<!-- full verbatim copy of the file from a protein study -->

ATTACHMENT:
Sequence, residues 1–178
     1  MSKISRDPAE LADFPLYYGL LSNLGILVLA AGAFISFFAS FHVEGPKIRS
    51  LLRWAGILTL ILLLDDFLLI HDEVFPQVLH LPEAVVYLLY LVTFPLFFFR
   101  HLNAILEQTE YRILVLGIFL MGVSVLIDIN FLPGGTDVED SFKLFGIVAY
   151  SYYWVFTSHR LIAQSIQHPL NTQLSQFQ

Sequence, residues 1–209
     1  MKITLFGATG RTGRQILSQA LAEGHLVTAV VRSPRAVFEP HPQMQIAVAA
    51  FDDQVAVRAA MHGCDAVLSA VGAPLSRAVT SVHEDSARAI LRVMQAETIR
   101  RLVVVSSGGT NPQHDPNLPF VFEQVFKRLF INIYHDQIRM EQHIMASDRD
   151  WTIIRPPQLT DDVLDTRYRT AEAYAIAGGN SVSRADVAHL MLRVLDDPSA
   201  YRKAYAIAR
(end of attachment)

Sequence, residues 1–178
     1  MSKISRDPAE LADFPLYYGL LSNLGILVLA AGAFISFFAS FHVEGPKIRS
    51  LLRWAGILTL ILLLDDFLLI HDEVFPQVLH LPEAVVYLLY LVTFPLFFFR
   101  HLNAILEQTE YRILVLGIFL MGVSVLIDIN FLPGGTDVED SFKLFGIVAY
   151  SYYWVFTSHR LIAQSIQHPL NTQLSQFQ

Sequence, residues 1–209
     1  MKITLFGATG RTGRQILSQA LAEGHLVTAV VRSPRAVFEP HPQMQIAVAA
    51  FDDQVAVRAA MHGCDAVLSA VGAPLSRAVT SVHEDSARAI LRVMQAETIR
   101  RLVVVSSGGT NPQHDPNLPF VFEQVFKRLF INIYHDQIRM EQHIMASDRD
   151  WTIIRPPQLT DDVLDTRYRT AEAYAIAGGN SVSRADVAHL MLRVLDDPSA
   201  YRKAYAIAR